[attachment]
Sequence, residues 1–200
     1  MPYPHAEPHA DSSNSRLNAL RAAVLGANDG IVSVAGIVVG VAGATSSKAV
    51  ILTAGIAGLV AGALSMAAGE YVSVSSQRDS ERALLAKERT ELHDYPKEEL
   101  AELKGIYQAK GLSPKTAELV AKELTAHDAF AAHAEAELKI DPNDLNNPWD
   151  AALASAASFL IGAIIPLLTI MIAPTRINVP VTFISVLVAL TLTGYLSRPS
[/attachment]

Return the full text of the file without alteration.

Sequence, residues 1–200
     1  MPYPHAEPHA DSSNSRLNAL RAAVLGANDG IVSVAGIVVG VAGATSSKAV
    51  ILTAGIAGLV AGALSMAAGE YVSVSSQRDS ERALLAKERT ELHDYPKEEL
   101  AELKGIYQAK GLSPKTAELV AKELTAHDAF AAHAEAELKI DPNDLNNPWD
   151  AALASAASFL IGAIIPLLTI MIAPTRINVP VTFISVLVAL TLTGYLSRPS